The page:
Loss Prevention 14 Apr, 2023

Underwater Hull Cleaning - Risks and Precautions Associated with Diving Operations

Dean Crossley
Dean Crossley
Loss Prevention Manager

Underwater hull cleaning operations are critical for maintaining the performance and efficiency of a ship. It is foreseeable that recently implemented emissions reduction Regulations (EEXI and CII) will lead to the need for an increase in the frequency of underwater hull cleaning operations to prevent the build-up of residues on the hull which reduces the ship's efficiency by increasing its fuel consumption and exhaust gas emissions.

The Club is noticing an increasing trend of accidents during these operations where divers have suffered injuries and fatalities. Furthermore, in other incidents, there have been plausible indications that ships are also being exposed to illicit activities, such as drug smuggling while undergoing hull cleaning.

We will briefly discuss the general risks and precautions a ship's crew should take when divers are doing underwater hull cleaning operations to mitigate the ship's exposure to such events.


Key Risks:

  • Drowning from the divers running out of air or their breathing apparatus malfunctions.

  • Decompression sickness, also known as the bends, occurs when nitrogen bubbles form in the bloodstream due to rapid changes in pressure during ascent. The risk of divers' exposure to the bends is not just restricted to deeper dives of more than 9.1 meters but can happen in shallow water; usually, when deeper than 3.0 meters for more than 30 minutes and a diver then surfaces too quickly.

  • Entanglement or entrapment where the divers' equipment, such as hoses and cables, or they themselves become caught in the ship's propellers, rudder, thrusters, and inlets/outlets leading to the diver being trapped or immobilised underwater. This can result in injury or even death if they cannot free themselves in time. Additionally, if the diver is wearing a breathing apparatus, entrapment can cause them to run out of air, leading to a potentially life-threatening situation.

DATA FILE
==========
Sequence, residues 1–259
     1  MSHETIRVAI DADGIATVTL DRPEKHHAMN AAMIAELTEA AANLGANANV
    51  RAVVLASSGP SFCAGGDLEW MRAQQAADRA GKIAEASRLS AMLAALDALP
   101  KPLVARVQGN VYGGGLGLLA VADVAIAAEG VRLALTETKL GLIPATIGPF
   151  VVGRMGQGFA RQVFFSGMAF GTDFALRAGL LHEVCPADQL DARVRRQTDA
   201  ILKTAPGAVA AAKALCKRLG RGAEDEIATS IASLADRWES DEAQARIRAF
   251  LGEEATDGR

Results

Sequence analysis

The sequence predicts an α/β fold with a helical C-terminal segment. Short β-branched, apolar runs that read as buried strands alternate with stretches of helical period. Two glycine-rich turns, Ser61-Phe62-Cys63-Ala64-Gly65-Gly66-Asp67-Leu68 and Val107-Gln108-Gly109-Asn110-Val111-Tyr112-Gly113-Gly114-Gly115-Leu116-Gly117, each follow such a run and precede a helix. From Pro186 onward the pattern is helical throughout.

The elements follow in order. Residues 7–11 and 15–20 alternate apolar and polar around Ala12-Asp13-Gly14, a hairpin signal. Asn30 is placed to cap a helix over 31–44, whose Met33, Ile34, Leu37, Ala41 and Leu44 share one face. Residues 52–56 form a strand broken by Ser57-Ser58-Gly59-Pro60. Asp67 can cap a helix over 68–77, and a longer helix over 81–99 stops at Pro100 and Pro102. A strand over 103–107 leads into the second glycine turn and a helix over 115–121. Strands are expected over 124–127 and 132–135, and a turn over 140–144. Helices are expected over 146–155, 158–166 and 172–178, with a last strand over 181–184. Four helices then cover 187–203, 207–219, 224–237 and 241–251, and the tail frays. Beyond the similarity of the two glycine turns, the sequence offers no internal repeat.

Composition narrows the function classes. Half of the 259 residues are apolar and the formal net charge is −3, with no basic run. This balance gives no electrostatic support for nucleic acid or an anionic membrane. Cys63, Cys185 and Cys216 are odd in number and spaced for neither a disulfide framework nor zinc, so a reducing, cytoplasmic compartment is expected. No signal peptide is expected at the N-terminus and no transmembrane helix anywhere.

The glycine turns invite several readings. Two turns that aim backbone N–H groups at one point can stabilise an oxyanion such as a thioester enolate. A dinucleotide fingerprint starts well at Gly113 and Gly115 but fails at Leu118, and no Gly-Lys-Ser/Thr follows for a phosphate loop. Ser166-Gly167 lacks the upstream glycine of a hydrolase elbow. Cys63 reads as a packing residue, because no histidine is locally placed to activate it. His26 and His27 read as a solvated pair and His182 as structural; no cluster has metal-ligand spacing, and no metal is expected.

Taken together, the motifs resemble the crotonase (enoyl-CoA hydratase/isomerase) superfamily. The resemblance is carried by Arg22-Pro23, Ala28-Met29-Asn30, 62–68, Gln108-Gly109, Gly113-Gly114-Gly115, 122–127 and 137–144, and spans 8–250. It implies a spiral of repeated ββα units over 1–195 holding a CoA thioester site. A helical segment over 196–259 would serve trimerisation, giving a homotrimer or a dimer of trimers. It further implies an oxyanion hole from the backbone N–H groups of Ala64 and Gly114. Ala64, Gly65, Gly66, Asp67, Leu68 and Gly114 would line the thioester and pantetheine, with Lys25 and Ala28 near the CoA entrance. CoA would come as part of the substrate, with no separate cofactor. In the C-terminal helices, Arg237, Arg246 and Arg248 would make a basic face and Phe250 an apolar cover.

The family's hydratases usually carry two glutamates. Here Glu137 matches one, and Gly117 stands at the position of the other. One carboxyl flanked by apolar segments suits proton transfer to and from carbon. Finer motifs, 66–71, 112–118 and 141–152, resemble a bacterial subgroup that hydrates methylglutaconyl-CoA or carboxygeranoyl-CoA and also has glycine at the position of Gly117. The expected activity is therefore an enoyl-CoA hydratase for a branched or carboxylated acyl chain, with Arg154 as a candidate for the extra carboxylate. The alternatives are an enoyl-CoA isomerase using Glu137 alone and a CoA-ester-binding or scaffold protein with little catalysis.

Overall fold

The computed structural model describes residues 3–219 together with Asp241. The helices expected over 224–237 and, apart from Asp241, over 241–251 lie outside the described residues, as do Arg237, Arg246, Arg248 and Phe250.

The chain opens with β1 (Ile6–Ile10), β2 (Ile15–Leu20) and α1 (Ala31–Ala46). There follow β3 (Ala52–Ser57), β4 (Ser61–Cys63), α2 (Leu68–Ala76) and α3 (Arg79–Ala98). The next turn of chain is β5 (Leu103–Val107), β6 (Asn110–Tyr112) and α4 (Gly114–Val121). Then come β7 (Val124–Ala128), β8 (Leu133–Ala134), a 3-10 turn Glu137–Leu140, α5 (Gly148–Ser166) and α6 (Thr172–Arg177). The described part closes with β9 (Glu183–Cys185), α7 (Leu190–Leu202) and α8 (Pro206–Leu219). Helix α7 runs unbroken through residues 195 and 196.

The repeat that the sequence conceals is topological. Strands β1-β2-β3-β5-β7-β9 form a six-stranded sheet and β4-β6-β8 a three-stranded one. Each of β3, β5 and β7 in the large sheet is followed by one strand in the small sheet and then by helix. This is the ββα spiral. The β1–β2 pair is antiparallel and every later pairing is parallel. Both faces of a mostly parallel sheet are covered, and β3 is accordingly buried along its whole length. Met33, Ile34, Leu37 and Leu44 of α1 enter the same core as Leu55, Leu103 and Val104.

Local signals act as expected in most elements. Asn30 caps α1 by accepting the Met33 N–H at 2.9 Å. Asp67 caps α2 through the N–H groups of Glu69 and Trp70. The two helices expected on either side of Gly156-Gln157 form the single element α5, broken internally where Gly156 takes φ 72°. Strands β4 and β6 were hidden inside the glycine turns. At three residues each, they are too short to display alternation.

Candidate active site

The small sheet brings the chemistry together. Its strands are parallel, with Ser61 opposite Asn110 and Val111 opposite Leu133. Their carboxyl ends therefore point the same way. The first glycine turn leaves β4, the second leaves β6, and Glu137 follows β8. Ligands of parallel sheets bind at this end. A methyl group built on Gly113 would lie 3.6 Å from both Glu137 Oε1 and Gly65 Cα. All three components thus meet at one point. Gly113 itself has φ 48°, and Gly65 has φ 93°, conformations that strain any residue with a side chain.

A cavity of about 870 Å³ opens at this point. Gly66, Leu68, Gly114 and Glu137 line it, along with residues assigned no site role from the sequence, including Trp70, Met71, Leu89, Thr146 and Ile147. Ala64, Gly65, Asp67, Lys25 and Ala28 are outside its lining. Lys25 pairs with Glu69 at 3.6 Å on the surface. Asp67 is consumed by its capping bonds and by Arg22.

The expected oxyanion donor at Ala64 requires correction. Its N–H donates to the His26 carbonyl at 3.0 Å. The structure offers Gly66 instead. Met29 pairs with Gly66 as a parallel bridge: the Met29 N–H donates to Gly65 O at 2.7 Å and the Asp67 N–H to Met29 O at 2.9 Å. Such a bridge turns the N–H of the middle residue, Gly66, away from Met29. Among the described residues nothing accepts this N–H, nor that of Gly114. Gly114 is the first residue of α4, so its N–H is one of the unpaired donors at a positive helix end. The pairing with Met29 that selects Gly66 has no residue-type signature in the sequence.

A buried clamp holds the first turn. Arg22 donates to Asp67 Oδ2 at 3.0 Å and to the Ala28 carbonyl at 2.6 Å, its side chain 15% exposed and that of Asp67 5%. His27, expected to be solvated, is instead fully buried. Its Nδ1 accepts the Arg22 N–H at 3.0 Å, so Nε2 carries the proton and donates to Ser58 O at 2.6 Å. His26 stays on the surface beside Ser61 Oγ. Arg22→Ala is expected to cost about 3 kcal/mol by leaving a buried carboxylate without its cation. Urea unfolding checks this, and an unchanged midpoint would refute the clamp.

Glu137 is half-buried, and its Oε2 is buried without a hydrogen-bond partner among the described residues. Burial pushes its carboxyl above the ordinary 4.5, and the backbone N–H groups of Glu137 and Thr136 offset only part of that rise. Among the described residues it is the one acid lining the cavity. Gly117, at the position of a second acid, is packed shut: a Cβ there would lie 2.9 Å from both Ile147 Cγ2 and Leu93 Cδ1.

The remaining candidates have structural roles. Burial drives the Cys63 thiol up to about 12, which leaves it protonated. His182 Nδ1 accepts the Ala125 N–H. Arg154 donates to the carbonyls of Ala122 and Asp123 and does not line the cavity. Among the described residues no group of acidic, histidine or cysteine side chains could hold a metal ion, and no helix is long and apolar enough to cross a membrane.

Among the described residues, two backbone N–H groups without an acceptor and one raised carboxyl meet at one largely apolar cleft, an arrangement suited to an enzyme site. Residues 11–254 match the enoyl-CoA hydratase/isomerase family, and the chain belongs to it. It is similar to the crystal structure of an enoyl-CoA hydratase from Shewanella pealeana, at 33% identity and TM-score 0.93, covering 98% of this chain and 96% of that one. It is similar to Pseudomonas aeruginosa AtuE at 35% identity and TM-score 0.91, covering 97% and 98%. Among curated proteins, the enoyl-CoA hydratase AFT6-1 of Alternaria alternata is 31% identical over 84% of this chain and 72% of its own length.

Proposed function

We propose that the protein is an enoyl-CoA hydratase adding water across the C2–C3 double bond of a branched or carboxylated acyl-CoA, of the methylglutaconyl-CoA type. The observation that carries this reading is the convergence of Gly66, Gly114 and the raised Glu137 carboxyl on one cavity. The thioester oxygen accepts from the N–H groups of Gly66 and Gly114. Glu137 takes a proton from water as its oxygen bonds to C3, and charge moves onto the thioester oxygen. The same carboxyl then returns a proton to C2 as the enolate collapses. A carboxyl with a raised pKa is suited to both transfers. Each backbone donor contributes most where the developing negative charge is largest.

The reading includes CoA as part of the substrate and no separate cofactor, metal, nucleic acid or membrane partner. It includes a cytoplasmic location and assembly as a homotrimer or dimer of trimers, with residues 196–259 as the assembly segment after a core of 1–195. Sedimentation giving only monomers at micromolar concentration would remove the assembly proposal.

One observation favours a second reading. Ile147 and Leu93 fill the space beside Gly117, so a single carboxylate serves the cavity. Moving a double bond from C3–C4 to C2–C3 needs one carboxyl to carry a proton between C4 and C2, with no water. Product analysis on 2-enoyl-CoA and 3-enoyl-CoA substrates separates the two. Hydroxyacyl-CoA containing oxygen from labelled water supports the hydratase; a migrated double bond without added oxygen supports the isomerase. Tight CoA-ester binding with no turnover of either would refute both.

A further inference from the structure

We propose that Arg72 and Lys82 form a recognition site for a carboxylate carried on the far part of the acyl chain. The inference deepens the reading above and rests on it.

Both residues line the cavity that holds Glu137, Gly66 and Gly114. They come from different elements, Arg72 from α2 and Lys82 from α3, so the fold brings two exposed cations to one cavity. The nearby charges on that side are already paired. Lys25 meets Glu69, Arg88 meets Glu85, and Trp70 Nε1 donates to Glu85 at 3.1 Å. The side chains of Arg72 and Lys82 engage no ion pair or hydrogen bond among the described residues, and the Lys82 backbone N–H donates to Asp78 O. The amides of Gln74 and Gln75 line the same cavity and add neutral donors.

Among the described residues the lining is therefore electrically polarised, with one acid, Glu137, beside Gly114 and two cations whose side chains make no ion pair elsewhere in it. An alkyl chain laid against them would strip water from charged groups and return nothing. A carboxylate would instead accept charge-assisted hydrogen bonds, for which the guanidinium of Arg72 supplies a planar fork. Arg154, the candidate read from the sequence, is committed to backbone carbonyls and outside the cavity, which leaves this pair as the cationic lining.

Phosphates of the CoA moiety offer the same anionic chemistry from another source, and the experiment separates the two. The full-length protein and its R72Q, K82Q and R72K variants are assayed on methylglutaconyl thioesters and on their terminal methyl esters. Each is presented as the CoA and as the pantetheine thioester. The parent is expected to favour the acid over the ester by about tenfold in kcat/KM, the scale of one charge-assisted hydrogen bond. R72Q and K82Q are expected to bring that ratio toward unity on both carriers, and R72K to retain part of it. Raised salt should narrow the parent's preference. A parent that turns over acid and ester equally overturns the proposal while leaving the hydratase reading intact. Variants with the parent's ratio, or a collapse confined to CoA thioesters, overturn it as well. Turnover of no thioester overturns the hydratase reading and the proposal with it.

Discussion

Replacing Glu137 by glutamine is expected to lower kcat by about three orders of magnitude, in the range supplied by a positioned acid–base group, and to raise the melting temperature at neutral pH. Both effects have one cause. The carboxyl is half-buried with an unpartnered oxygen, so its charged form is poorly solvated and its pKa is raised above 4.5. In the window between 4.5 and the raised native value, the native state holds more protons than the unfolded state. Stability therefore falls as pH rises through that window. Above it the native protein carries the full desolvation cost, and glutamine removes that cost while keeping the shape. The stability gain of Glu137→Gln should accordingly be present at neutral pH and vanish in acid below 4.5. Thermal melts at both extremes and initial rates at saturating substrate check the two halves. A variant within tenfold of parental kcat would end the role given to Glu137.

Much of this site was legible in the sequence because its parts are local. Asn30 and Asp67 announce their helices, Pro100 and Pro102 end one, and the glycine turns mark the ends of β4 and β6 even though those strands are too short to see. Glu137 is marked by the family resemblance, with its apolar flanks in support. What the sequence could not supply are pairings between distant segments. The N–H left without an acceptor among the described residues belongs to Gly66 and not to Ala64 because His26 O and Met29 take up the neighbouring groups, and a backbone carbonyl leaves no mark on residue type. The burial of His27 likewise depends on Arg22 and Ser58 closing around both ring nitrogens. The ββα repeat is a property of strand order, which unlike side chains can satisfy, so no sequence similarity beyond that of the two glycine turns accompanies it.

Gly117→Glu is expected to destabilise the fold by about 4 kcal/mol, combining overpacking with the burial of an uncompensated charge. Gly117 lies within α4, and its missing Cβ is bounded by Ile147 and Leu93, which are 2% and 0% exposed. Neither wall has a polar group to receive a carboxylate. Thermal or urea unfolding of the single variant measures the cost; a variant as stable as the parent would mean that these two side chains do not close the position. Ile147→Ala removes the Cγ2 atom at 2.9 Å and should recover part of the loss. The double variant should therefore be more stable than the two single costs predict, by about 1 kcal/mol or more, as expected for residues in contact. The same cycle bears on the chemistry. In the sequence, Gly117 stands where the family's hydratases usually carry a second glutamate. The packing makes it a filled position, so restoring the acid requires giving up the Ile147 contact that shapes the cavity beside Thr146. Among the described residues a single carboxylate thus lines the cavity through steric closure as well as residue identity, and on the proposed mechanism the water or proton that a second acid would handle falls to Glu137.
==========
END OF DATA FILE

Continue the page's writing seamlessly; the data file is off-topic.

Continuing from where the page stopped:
• Suction hazards created by the powerful suction force of the ship's intake systems can pose a significant risk to divers. If a diver is too close to the suction area, they can be pulled into the opening, causing injury or drowning.

  • Electrical hazards from electric systems that power and service underwater cleaning appliances can cause electrical shocks if they are faulty and the divers come into contact with them, or they sustain damages during operations. Furthermore, when a ship's hull is fitted with an impressed current cathodic protection system (ICCP) or similar arrangements, these can pose an electrical hazard if not shut down before the diving starts.
  • Marine life can pose a risk as divers may encounter marine animals that can be dangerous, such as sharks or jellyfish.

  • Slippery surfaces can also increase the risk of injuries as the ship's hull components can be slippery, particularly when wet, making it challenging for divers to maintain their balance.

  • Poor underwater visibility and adverse weather conditions can make underwater hull cleaning operations dangerous, as the divers may not be able to see potential hazards or navigate around the hull effectively. In addition, strong winds or heavy seas can increase the risks associated with the operation.